Photo Information

Staff Sgt. Jeff Ehnen, a section leader with Explosive Ordnance Disposal Company, 8th Engineer Support Battalion, 2nd Marine Logistics Group, demonstrates the use of robots to students of Lejeune High School, Oct. 3, 2014, aboard Marine Corps Base Camp Lejeune, N.C. Approximately 60 students, ranging from freshmen to seniors, packed the classroom to hear how the Marines use robotics on the battlefield and how engineering can better people’s lives. The school requested the Marines give the demonstration because the students are beginning their robotics curriculum of the Bio-Tech Department course of study. (U.S. Marine Corps photo by Cpl. Michael Dye / Released)

Photo by Cpl. Michael Dye

Marines, Robots, high school students

3 Oct 2014 | Cpl. Michael Dye

Marines with Explosive Ordnance Disposal Company, 8th Engineer Support Battalion, 2nd Marine Logistics Group, provided a robotics demonstration to several students at Lejeune High School Oct. 3, 2014.

The school requested the Marines give the demonstration because the students are beginning their robotics curriculum of the Bio-Tech Department course of study.

Approximately 60 students, ranging from freshmen to seniors, packed the classroom to hear how the Marines use robotics on the battlefield and how engineering can better people’s lives.

“When I saw the robots, my first thought was, wow those look cool,” said a freshman student. “But then, when I got to operate it, it became that much cooler.”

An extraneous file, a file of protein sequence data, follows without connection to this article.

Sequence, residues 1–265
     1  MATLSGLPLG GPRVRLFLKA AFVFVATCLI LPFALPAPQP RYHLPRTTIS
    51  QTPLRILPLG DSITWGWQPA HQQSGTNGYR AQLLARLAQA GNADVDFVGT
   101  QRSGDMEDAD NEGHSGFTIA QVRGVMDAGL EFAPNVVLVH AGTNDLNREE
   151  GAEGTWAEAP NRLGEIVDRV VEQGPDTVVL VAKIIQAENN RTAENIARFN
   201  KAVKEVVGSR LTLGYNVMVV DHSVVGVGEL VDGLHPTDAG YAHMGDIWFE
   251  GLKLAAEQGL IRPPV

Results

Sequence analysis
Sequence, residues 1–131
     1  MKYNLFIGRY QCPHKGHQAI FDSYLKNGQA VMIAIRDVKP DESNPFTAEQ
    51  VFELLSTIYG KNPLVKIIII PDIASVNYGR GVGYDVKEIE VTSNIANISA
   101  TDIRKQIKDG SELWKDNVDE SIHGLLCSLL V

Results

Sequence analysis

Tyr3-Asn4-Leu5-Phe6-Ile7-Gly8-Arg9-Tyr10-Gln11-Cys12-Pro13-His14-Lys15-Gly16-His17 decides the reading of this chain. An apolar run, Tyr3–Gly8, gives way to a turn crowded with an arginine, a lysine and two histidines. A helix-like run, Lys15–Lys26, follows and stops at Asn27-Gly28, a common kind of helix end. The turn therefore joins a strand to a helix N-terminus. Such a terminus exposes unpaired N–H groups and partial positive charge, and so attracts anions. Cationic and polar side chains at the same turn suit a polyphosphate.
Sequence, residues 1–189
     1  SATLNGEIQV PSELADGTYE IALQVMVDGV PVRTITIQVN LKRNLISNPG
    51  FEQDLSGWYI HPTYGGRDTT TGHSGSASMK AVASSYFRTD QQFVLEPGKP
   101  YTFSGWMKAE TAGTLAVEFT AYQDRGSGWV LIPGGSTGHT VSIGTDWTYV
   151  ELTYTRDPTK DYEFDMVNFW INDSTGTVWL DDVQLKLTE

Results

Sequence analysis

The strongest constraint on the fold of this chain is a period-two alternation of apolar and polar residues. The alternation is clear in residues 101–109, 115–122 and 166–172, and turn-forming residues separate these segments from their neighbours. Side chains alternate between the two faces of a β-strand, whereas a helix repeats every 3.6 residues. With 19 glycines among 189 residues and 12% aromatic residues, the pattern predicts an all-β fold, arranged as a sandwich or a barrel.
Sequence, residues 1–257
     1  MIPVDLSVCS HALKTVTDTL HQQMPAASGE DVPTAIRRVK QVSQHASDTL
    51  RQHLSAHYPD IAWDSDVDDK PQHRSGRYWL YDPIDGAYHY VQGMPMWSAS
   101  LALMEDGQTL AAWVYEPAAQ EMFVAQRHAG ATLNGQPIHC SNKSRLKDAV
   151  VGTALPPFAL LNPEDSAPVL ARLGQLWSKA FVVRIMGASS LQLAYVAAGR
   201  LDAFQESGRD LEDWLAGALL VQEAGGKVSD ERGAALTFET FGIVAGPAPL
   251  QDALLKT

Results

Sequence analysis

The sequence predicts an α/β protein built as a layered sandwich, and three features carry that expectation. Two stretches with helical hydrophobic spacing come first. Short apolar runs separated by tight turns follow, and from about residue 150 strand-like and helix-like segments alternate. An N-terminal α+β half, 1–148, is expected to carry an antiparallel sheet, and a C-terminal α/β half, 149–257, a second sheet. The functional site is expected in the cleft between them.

The Marines provided three robots for display, the MK 1 Mod 0 Packbot, Mark 2 Mod 0 Talon, and 310 Small Unmanned Ground Vehicle. One of the Marines also provided a robotic, prosthetic leg.

“I lost my leg in support of Operation Enduring Freedom, and I was provided with this prosthetic robotic leg,” said Gunnery Sgt. Dominic Chavez, an EOD technician with the unit, and a native of Albuquerque. “This is a good way to demonstrate to these children not only the sacrifice, we as Marines make, but a working knowledge of how learning the basic skills of engineering in high school can prepare you to create something that will help someone.”

After the Marines gave short explanations on the purpose and capabilities of each robot, the students were given the opportunity to operate the machines. They were challenged to perform simple tasks, such as: scouting an area, picking up small objects and opening a box. Each simple task proved more challenging than the students expected.

“At first glance, it looks simple, like a video game,” said a junior who wants to join the Marine Corps. “But, when you start to actually drive the robots you figure out it takes more than just the controller to operate it, you also have to use your mind.

One of the biggest lessons the Marines stressed during the demonstration is to always plan three to four steps ahead. Many of the students had difficulty adjusting to certain obstacles that forward thinking could have avoided.

“You always want to plan ahead,” said Staff Sgt. Samuel Beltram, the training chief for the unit, a native of Fort Worth, Texas. “For instance, I know that in order for the robot to get under that obstacle, I have to approach from a certain side and lower the arm so it’s small enough to drive under it. So I know I’m going to make sure I plan my initial movement to the obstacle so I can make a smooth and time effective maneuver.”

At the end of the day, the students lined up to shake all the Marines hands and thank them for coming out. A few even expressed a new interest in the field of explosive ordnance disposal.

“This has not only provided me with a different way of looking at obstacles we encounter in our engineering class, but now I think I want to become an EOD tech for the Marine Corps,” said a senior.



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